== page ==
Descriptive names applied in Geology are also defective, and when employed, no scrupulous regard must be had to their appropriateness. « The Green Sand may be white, brown, or red ; the Mountain Limestone may occur only in valleys ; the Oolite may have no roe-like structure ; and yet these may be excellent geological names, if they be applied to formations, geologically identical with those which the phrases originally designated.” The term Oolite is an instance where a descriptive word has become permanent, and in like manner the term proposed by Mr. Murchison, for the transition series of rocks, which, from being distinctly.marked in South Wales, he calls Silurian, from the name of the ancient inhabitants, is in many respects excellent. The terms employed by Mr. Lyell, before mentioned, as divisions of the Tertiary formation, viz: Pliocene, Miocene, and Eocene, according to the percentage of recent shells, being founded upon a more natural distinction will undoubtedly come into general use, but even these are to be used with caution, and not allowed to set aside the indications drawn from the natural relations of the strata.

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chronological, Arrangement of strat A.

o EXPLANATION.

ldeal section of the crust of the earth, showing the chronological arrangement of the strata.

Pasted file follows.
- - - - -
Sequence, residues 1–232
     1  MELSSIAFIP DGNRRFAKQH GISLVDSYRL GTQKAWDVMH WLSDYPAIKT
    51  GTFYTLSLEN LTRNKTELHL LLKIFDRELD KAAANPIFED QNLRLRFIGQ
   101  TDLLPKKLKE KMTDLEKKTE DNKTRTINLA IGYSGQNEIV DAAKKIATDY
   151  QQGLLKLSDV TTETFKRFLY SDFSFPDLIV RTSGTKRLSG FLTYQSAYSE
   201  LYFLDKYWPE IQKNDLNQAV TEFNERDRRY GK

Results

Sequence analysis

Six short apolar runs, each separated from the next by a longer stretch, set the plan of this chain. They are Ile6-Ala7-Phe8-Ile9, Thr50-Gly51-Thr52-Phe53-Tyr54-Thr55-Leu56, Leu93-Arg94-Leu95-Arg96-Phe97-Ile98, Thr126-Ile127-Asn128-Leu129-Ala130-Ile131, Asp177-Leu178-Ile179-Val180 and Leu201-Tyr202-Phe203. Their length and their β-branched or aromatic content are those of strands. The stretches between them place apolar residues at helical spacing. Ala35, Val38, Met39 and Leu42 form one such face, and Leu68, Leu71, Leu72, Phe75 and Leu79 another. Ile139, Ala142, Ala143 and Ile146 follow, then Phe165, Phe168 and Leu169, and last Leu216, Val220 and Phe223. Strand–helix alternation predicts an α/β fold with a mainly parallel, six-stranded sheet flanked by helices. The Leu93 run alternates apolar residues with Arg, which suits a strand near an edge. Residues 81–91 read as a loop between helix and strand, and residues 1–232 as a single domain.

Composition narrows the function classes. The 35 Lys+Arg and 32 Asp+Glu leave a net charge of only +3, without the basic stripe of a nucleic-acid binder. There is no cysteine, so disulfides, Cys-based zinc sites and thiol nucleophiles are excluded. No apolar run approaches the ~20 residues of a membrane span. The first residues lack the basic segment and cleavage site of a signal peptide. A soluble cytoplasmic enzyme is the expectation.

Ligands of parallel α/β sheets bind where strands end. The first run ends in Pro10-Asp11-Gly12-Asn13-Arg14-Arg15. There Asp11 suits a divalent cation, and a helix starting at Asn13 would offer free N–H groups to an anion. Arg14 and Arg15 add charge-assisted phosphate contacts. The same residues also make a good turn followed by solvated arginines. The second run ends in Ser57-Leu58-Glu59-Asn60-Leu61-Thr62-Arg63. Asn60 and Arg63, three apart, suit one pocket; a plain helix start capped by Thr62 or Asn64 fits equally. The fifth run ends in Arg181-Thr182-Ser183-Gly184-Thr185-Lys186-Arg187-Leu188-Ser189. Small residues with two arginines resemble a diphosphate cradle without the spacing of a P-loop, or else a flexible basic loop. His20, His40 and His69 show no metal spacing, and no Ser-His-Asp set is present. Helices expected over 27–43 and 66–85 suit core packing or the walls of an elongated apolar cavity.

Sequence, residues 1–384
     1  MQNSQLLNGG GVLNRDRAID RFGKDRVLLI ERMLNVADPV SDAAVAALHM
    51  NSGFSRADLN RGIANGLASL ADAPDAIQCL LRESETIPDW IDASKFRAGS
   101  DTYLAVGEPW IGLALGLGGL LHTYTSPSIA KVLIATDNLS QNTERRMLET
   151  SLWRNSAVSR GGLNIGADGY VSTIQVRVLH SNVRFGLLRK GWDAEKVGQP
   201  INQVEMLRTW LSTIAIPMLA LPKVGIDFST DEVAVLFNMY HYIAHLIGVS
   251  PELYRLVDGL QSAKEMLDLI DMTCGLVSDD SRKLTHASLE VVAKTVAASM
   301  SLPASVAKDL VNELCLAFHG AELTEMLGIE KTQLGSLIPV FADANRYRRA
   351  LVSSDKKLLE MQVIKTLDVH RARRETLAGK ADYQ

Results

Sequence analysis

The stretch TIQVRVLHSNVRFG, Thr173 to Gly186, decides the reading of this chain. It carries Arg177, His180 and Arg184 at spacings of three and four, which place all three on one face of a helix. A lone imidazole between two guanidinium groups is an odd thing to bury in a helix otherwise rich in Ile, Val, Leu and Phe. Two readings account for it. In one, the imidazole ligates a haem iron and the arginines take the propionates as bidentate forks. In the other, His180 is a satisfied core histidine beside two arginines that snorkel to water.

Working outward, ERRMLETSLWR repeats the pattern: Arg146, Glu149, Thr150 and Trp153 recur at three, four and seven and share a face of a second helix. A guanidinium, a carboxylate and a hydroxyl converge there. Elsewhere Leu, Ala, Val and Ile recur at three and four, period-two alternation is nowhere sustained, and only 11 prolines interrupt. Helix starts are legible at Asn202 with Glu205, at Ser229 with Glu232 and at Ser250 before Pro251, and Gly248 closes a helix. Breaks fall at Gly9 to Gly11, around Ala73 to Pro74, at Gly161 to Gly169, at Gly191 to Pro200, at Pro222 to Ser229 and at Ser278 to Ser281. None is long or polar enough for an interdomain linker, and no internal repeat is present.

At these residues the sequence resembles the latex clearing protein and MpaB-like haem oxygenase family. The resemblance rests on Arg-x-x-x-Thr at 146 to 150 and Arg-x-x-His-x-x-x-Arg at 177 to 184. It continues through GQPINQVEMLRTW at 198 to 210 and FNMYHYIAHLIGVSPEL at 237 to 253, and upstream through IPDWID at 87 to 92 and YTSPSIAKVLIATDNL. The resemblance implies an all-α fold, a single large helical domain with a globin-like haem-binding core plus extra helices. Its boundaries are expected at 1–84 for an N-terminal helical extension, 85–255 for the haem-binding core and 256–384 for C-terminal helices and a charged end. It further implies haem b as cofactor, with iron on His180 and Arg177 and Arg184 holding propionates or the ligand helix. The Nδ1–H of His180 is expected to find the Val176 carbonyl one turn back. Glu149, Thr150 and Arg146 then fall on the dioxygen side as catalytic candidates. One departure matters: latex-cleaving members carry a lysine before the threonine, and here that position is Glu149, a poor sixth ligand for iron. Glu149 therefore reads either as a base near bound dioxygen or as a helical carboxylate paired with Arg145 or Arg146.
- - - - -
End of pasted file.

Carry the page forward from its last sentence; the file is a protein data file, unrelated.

M–Mantell.

B–Buckland.

L—Lyell. 1. Alluvial or modern deposits. a. 2. do. do. Overlaying the coal

2. Tertiary formations.

3.

formation. Cretaceous system, compris- b. 1. Granite veins in Granite. ing the chalk, with & with- b. 2. do. do. passing through porout flints, chalk marl, galt playry, gneiss, & mica schist. or blue clay, Shanklin sand. b. 3. do. do. Overlaying Grau

4. The Wealden. wacke. 5. The Oolite. c. Dyke of Trap, passing thro' 6. The Lias. grauwacke and the lamina7. The Saliferous, consisting of tions of marine limestones, New Red Sandstone, Mag- forming basaltic columns. nesian Limestone. c. 1. do. do. intersecting, and 8. The Carboniferous System, overlaying an older dyke of namely, the Coal measures, porphyry. the Mountain limestone. c. 2. do. do. overlaying the oolite 9. The Devonian, or Old Red system. Sandstone. c. 3. do. do. overlaying the chalk 10. The Silurian, consisting of being lava of the extinct marine limestones, shales, volcanoes of the Tertiary calcareous flags. period. 11. The Cambrian. d. Modern lava. 12. Mica Schist. e. Cave in magnesian limestone. 13. The Gneiss. f. Metallic veins in granite. 14. Granitic System. g. Extinct volcano. 15. Volcanic Rock. h. Artesian well.

a. 1. Dyke of Porphyry in gran

ite, passing through & over-
laying gneiss.

The order of succession which we have given has been determined by a series of the most patient investigations, and from an immense accumulation of facts, collected by able observers in all parts of the globe. On page 194 we have given a diagram showing their order. It will be perceived that some parts of the representation are necessarily exaggerated. Commencing at the left we have the hypogene, or underlying rocks, unstratified and stratified; then the primary and secondary fossiliferous, and also the tertiary, lastly the volcanic. The alluvium we have placed in various situations, overlaying the older rocks,